Revelation in the city
After long days and nights in the wild, I would come to town to stock up on food, etc. (and as always, that important visit to the local coffee shop/bookstore, which is nearly as blissful as being in the woods).
Since living the nomadic life, I’ve often noticed something different whenever I trekked back into civilization: People would look my way warily and give wider berth than usual. But it wasn’t just that -— it was the feeling of at once being invisible and avoided at the same time. As if I was not wanted in their reality.
Initially, I shrugged it off as being a stranger in a strange land. There’s a certain energy that comes from not being of the area you’re in and some folks pick up on that.
One day I looked in a mirror in a public bathroom. The fellow looking back was grungy looking with very unshaven beard, unkempt & wild red hair, and soiled camping clothes. One of the pant legs had a tear partway down.
That’s when it hit me. I looked… homeless. Although not all look this way, I fit the stereotype.
That’s what usually comes from living the full-time camping life — scarce water for bathing, washing clothes, etc. The roughness of the woods making for clothes and skin where dirt is part of the pattern along with holes, rips, and tears here and there.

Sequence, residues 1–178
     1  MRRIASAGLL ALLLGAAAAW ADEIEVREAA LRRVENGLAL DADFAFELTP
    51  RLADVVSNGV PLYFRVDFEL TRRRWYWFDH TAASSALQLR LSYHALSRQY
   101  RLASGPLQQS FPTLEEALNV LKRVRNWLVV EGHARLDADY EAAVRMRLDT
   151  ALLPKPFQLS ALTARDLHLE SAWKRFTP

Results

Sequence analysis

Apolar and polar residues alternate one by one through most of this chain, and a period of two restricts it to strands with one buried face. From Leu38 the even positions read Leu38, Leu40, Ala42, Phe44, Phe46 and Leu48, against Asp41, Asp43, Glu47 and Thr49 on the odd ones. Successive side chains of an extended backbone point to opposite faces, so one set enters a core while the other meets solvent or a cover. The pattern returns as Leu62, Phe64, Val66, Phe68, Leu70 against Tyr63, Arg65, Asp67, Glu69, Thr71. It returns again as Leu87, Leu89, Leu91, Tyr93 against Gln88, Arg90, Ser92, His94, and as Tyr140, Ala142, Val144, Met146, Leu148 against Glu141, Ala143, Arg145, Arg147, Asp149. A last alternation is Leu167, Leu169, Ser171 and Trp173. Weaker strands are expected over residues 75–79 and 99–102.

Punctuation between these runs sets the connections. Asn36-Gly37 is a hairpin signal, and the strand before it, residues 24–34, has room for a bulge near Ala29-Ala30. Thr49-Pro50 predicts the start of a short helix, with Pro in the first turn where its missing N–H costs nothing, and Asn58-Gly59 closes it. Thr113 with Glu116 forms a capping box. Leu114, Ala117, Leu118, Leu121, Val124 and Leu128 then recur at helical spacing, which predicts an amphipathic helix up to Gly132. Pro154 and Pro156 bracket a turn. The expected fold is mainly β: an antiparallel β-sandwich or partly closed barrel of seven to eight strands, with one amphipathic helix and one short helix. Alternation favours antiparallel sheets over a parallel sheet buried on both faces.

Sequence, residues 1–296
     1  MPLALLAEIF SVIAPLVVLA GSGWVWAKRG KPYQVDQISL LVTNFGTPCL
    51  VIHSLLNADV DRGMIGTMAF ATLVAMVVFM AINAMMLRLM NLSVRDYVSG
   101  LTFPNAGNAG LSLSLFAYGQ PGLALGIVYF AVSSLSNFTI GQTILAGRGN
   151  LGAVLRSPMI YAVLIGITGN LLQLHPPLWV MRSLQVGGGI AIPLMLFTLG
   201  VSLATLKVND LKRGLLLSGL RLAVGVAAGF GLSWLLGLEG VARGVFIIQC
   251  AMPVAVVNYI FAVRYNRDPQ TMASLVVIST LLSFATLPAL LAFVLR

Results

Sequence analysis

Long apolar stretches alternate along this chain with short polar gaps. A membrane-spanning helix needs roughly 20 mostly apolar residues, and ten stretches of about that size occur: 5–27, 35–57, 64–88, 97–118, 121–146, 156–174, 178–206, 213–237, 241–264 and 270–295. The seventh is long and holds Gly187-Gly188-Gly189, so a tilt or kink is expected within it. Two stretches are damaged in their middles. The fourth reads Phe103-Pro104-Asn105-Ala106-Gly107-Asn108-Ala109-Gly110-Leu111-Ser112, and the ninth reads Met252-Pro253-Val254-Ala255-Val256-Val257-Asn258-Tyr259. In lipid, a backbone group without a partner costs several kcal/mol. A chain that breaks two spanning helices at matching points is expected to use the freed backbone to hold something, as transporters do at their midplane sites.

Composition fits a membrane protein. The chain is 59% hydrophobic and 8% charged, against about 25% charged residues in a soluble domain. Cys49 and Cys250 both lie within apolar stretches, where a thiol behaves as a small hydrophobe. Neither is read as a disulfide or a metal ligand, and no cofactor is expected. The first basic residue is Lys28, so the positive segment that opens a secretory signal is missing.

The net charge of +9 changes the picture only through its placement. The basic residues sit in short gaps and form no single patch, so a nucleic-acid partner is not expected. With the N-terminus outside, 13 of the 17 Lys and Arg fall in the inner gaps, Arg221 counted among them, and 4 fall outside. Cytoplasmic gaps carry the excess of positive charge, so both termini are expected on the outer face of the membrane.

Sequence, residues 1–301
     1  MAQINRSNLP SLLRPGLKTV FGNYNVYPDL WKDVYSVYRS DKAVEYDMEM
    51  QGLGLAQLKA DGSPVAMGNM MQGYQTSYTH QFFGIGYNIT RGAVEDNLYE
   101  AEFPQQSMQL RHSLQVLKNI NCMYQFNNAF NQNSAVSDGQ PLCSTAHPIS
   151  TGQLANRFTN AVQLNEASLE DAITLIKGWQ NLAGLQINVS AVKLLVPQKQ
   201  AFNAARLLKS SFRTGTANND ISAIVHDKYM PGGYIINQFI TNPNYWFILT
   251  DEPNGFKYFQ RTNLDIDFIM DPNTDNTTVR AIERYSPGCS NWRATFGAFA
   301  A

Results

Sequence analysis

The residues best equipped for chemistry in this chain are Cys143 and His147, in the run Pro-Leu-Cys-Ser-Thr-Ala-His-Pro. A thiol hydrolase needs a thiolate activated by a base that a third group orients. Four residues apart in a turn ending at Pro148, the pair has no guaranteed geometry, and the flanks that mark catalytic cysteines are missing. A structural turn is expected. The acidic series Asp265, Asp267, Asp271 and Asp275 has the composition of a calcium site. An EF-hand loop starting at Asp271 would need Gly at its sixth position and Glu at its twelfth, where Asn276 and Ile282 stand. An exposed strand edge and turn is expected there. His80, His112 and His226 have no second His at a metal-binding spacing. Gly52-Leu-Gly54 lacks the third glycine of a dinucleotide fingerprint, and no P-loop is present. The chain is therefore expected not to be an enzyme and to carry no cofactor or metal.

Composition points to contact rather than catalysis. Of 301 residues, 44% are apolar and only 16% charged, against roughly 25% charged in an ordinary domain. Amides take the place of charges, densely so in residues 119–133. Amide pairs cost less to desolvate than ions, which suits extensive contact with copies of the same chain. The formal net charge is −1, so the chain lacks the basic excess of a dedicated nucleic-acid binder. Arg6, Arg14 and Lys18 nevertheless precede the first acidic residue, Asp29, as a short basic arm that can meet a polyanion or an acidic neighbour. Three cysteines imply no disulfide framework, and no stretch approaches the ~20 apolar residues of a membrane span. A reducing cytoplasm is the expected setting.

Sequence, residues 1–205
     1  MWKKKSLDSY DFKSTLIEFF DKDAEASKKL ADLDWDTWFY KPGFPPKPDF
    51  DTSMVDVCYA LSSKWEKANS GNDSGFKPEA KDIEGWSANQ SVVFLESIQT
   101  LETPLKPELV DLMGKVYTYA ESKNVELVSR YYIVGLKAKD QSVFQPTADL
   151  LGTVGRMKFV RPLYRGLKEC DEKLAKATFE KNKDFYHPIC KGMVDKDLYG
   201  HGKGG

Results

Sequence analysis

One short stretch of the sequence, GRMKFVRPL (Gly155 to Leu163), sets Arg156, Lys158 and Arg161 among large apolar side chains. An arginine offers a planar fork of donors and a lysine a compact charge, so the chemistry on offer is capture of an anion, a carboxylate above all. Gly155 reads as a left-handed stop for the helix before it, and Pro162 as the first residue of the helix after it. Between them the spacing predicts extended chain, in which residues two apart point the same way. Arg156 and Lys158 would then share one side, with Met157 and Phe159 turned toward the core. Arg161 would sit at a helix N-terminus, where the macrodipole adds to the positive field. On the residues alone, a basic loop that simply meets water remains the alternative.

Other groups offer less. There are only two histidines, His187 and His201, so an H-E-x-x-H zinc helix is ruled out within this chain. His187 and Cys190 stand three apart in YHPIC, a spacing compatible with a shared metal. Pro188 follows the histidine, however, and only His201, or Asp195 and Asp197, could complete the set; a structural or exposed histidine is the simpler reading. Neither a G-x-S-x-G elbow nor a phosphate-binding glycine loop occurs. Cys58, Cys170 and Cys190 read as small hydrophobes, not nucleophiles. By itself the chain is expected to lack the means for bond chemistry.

And here I was in town, unexpectedly steeped into a black hole of invisibility and avoidance by those around me. It was an unsettling feeling.
Now I have an inkling what it’s like for the real homeless out there, falling into a hole of of unwantedness and being cloaked out of people’s realities, sometimes forcibly so.
I admit in the past when I saw a homeless person, I usually didn’t give eye contact and would avoid them so they wouldn’t bother me mostly because I had a very difficult time reading their lips.
I still can’t read many of their lips and I confess to occasionally feeling helpless at this but now I’ll at least look them in the eyes and acknowledge their presence with a nod, letting them know they are seen and therefore not invisible. Often I’ll see old souls lurking within those eyes.
Sometimes I’ll bring them a hot coffee and such. One I gave a ride into town and oh, the stories he told! He was one of the very few whose lips I could read and it was enlightening. He choose that life.
There was this middle aged lady on Main Street near a fancy Sephora type-store sitting on the sidewalk with her backpack. I’d seen her several times before and we’d wave at each other. This time I sat down by her and said “I can’t understand you but I want you to know I see you.” She smiled, did a bit of fake sign language and we laughed. She was grateful, reached out and put her hands over mine as a gesture of thanks. Her hands were so warm, soft, and welcoming. The hands of a grandmother — a fellow human being.
Not everyone chooses to be homeless. For those that didn’t, it’s an unfortunate circumstance that doesn’t lessen their humanity. For those who choose this path (living the nomad life, I can see why) it takes a degree of courage to do so.
Some of the choices made that lead to a life this way might be unsavory to some, but at the end of the day they’re walking their path just as you and I and they’re no less of a soul.
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